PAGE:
Get on Board(s)!

Well, what is all the fuss about? Lord Davies’ third report to the Department of Trade and Industry,
on the number of women on UK corporate boards was published this week and shows that since his
first report in 2011, the number of women non-executive directors (NEDs) on FTSE 100 companies
(ie, the 100 most valuable/profitable) have increased from 15% to 17.3% over the past two years.
So what are NEDs? Why should we want more women to sit on boards? NEDS are individuals who
are not employed by the company, but usually receive a payment for their contribution of time and
expertise and they advise and take responsibility for the strategy, performance, risks, and standards
of behaviour in the company, including appointments and processes. And yes, there is some
evidence that having women on boards is a good thing. The latest report from Mckinsey (Women
Matter 2012) provides evidence that companies with increased representation of women on the
Board, perform better.
50% of the population are women, so why are so few holding such positions? The latest Sex and
Power report shows that non-executive directorship is only one of many areas where women are
not proportionally represented in areas of influence in the UK.
Lord Davies reflects on this encouraging though slow increase, and sees it as probably due to several
factors. Firstly, there is no obligation for company Board positions to be openly advertised. The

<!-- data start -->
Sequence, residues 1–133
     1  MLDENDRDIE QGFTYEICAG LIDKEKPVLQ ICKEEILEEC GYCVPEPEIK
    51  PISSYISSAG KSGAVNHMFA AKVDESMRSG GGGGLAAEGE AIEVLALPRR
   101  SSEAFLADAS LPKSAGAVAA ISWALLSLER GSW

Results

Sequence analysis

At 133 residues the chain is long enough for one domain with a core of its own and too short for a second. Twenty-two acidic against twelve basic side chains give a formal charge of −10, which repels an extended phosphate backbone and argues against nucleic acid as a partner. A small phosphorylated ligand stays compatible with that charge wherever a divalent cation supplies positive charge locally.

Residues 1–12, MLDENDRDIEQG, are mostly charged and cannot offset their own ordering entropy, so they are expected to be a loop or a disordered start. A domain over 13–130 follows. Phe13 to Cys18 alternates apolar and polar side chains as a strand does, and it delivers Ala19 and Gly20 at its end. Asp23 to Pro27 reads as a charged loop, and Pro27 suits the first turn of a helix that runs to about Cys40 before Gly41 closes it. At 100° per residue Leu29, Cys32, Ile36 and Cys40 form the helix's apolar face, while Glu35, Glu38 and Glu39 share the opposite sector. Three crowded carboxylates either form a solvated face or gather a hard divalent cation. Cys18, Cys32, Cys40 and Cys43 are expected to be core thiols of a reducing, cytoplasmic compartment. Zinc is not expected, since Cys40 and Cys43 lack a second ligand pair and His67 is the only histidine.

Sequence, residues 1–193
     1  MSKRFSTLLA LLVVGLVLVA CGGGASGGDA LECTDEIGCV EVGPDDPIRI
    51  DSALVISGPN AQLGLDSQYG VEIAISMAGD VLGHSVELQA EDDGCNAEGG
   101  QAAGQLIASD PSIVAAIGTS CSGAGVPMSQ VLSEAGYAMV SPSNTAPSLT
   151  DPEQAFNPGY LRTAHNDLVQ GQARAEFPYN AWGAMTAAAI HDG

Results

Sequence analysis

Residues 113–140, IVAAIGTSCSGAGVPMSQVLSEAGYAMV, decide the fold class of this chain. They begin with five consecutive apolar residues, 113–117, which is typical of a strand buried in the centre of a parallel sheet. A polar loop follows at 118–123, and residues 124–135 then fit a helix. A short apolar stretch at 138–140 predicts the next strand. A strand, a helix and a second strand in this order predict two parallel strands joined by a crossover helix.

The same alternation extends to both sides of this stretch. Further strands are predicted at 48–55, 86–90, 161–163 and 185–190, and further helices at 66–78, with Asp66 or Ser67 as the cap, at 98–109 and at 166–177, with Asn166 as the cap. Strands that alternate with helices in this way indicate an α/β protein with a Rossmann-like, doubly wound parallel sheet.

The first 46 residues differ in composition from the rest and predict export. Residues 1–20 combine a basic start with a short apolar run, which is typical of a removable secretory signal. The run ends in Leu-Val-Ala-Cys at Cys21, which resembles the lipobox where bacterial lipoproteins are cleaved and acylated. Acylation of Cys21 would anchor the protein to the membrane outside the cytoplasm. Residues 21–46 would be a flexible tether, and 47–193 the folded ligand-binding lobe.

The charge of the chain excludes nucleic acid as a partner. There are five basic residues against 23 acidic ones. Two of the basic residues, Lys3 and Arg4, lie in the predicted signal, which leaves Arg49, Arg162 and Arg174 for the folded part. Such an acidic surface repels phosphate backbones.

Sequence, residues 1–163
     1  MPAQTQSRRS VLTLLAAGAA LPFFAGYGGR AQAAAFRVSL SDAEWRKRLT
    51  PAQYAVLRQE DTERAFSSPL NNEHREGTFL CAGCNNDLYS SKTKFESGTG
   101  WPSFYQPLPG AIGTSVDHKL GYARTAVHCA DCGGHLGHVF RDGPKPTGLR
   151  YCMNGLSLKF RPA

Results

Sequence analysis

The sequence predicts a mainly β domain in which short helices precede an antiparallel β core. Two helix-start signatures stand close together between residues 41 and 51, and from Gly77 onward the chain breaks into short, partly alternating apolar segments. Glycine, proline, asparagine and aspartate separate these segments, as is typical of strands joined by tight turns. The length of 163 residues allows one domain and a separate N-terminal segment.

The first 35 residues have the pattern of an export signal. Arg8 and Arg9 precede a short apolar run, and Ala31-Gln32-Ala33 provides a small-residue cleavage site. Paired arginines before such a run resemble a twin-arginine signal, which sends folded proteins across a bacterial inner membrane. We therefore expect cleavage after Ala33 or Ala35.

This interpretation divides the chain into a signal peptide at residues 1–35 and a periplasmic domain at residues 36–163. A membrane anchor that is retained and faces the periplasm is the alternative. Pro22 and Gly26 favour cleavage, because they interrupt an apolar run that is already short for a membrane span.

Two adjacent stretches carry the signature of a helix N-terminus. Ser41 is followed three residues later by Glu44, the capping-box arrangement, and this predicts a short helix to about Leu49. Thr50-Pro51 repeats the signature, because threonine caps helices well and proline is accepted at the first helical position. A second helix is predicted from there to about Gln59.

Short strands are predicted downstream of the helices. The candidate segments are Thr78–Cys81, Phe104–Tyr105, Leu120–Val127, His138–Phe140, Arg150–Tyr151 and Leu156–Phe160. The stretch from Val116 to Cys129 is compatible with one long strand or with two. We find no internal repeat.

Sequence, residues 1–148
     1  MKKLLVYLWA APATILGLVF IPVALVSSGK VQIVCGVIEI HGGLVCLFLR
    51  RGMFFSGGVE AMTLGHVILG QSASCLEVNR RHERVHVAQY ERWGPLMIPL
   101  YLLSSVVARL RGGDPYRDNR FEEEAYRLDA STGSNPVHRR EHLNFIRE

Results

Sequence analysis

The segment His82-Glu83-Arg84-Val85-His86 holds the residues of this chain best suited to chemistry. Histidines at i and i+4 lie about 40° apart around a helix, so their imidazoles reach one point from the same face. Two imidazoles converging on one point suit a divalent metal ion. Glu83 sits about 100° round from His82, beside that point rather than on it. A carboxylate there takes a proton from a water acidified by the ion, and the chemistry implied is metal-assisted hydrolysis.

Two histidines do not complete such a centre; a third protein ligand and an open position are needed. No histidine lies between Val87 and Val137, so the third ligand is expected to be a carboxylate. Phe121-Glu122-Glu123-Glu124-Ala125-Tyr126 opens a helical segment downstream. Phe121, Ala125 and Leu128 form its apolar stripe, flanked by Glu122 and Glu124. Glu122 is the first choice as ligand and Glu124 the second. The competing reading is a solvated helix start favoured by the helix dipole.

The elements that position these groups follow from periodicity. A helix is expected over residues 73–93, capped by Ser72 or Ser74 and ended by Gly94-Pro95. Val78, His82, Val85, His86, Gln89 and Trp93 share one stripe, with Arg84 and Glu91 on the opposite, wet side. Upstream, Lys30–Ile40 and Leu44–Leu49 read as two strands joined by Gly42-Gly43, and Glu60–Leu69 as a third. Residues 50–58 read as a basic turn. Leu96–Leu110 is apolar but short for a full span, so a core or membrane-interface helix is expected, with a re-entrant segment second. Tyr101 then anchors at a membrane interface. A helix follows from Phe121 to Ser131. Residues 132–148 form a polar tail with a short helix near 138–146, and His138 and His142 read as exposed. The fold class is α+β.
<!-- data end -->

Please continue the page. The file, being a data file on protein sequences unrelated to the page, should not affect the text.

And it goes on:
Board decides on what skills and experiences might be useful to it and seeks out suitable candidates
through informal contacts and recruitment consultants. Such systems lead to the appointment of
those who fit a model prescribed by those already in position (mainly male), and this has been well
described in recent research. Secondly, the skill set and experience often involves having had an
executive position in such a company and Lord Davies’ report also points out that the number of
Executive Directors (CEOs, CFOs, COOs etc) and the number of women actually running companies is
very low (only 6.1% of FTSE 100 and 5.4% of FTSE 250 companies executives are women). As long as
these are the skills required (rather than considering broader experiences as important) the number
of women NEDs will stay low because the development stream remains small.
An important initiative by the Davies Committee has been to establish a Voluntary Code of Conduct
for Executive Search Teams. The aims signed up to by some ‘Headhunters’ include that ‘diversity
goals’ should be explored with company Chairmen (perhaps the recruitment agencies are seen as
champions?), providing long lists of 30% women (or explaining why they haven’t been able to),
publicising their commitment and investing time in developing relationships with the pipeline of
female candidates. The code is at least a start. The list of those who have agreed to sign up is not
exhaustive. It does include many, but not all, of those recruitment companies who help in senior
appointments in healthcare and universities. As efforts are made to support women to reach
leadership positions in healthcare and clinical academia, NHS Trusts and universities should pay
heed to which companies they engage to help them fill their senior roles and select those who
subscribe to the Code.
https://www.gov.uk/government/uploads/system/uploads/attachment_data/file/182602/bis-13-
p135-women-on-boards-2013.pdf
http://www.countingwomenin.org/wp-content/uploads/2013/02/Sex-and-Power-2013-FINALv2.-
pdf.pdfProf

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